Finally we headed back to our transport and clambered up the cargo net with a sigh of relief. The next day it was the same thing all over again, except that this time we went ashore. This, too, had an awfully familiar feeling: wading through the surf, getting your only pair of shoes and socks wringing wet, and then onto the beach where all the sand migrated inside your shoes. A series of conflicting and confusing orders flowed down through the chain of command: halt and move on, halt and move on, go here, go there.

The vast attack force now gathered at Pearl Harbor. Although there were unfortunate accidents to some of the landing craft, over 800 ships set out in the naval component, some for direct fire support of the troops, some for transport, and some (the fast carrier task force) to make advance air strikes and then to deal with the attack which the landing probably would incite from the Japanese Navy. Holland Smith's V Amphibious Corps, totaling 71,034 Marine and Army troops, sailed with some slow elements starting on 25 May. The specialized craft for the ground forces ran the gamut of acronym varieties. After staging through the Marshalls, the armada headed for the target: Saipan.

At sea the troops got their final briefings: maps of the island (based on recent American aerial and submarine photographs of a hitherto "secret island"), estimates of 15,000 enemy troops (which turned out in the end to be 30,000 under the command of Lieutenant General Yoshitsugu Saito and Vice Admiral Chiuchi Nagumo), and detailed attack plans for two Marine divisions.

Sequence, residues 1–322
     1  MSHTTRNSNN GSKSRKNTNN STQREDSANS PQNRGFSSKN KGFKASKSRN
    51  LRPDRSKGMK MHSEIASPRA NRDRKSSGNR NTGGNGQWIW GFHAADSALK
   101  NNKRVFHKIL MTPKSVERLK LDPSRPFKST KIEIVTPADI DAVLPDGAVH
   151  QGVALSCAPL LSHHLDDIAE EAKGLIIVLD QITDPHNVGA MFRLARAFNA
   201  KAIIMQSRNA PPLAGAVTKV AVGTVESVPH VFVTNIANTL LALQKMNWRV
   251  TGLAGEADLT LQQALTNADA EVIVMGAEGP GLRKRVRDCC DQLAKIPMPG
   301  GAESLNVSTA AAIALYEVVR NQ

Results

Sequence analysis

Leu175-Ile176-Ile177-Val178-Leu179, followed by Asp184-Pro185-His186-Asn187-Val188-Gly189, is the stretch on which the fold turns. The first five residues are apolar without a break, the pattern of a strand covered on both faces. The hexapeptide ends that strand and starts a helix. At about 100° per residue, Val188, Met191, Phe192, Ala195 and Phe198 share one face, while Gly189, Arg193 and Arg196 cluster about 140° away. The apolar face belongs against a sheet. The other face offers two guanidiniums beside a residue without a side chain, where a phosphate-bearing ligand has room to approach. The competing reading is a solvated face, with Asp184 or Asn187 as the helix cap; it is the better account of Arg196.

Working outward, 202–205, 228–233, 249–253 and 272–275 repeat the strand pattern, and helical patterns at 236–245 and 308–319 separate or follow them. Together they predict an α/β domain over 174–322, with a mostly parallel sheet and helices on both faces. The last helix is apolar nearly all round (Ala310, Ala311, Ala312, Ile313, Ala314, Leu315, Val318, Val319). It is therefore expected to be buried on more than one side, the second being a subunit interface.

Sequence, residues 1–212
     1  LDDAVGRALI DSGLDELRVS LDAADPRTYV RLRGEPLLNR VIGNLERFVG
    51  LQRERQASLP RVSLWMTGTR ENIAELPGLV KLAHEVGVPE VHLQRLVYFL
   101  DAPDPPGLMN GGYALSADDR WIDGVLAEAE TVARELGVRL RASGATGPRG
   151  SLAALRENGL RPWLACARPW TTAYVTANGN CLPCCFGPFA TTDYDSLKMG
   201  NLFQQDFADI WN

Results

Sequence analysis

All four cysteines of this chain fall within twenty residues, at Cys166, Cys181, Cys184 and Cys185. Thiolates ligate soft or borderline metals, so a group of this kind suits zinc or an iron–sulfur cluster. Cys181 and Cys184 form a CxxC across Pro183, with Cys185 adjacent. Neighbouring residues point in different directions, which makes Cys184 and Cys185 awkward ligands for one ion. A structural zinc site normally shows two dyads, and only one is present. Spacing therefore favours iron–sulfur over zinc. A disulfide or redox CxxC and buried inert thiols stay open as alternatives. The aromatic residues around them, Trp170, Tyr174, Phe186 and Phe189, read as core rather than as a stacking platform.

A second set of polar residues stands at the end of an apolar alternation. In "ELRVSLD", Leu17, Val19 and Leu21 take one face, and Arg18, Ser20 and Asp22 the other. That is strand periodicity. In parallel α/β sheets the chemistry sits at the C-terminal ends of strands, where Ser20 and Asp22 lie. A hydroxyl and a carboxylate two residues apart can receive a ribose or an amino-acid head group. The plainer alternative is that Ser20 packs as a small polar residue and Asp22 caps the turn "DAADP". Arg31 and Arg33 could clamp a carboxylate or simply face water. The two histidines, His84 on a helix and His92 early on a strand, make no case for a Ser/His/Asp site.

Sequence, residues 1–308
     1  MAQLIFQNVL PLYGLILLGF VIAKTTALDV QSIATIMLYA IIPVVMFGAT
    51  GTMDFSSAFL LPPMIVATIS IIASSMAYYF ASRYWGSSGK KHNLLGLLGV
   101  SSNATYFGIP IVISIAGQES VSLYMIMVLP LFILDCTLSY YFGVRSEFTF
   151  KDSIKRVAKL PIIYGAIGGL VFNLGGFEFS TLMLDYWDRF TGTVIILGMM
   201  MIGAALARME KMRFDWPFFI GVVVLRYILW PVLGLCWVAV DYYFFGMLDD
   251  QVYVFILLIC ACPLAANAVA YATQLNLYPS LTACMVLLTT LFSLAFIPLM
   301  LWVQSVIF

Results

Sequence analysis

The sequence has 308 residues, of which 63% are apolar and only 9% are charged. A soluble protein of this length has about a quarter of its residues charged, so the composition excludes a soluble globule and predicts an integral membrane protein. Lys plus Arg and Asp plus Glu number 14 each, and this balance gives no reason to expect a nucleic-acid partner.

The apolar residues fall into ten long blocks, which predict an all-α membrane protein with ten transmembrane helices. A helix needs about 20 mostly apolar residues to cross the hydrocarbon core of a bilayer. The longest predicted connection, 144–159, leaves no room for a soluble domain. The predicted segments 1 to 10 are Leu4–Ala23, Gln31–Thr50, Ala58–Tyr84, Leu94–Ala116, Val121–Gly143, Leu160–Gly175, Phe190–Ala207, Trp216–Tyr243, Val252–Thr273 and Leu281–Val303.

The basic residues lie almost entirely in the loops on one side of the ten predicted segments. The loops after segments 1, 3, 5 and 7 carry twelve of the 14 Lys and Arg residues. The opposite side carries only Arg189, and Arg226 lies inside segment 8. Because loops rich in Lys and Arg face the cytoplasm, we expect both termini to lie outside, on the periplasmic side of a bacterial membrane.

Simultaneously, the American fast carriers' planes began, on 11 June, their softening-up bombing, combined with attacks on Japanese land-based air. Two days later, the main enemy fleet headed for the Marianas for a decisive battle. Then, on 14 June, the "old battleships" of the U.S. Navy, reborn from the Pearl Harbor disaster, moved in close to Saipan to pound the Japanese defenses with their heavy guns. That night underwater demolition teams made their dangerous swim in close to the assault beaches to check on reefs, channels, mines, and beach defenses. All was now in readiness for the landings.

The bloody business of D-Day was, as the troops well realized, only a beginning, for the long, grueling fight which began the next morning.

Next Page Document Cover Next Page
MARINES The Few. The Proud.
Back to Top
Commemorative Series produced by the Marine Corps History and Museums Division